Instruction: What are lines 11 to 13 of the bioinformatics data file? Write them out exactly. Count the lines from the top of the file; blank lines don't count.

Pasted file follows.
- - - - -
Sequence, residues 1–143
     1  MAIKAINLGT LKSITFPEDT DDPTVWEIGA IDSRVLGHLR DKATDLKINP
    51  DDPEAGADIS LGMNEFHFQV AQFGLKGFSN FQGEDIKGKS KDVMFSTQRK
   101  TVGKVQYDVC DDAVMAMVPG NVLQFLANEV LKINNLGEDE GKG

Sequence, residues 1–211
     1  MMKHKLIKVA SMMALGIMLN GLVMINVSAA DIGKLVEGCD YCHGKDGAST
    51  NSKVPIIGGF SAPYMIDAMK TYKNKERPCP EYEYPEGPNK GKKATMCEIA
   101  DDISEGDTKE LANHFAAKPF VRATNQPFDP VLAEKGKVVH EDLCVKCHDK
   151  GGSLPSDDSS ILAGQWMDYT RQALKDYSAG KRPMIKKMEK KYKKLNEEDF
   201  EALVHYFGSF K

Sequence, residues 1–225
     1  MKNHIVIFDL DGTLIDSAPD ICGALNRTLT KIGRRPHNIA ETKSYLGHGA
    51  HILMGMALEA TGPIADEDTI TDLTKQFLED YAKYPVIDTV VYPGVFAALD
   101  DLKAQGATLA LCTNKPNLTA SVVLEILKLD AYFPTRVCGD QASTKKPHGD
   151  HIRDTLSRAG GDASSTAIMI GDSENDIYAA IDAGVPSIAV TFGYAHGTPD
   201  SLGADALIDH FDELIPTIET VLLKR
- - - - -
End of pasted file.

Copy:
Sequence, residues 1–225
     1  MKNHIVIFDL DGTLIDSAPD ICGALNRTLT KIGRRPHNIA ETKSYLGHGA
    51  HILMGMALEA TGPIADEDTI TDLTKQFLED YAKYPVIDTV VYPGVFAALD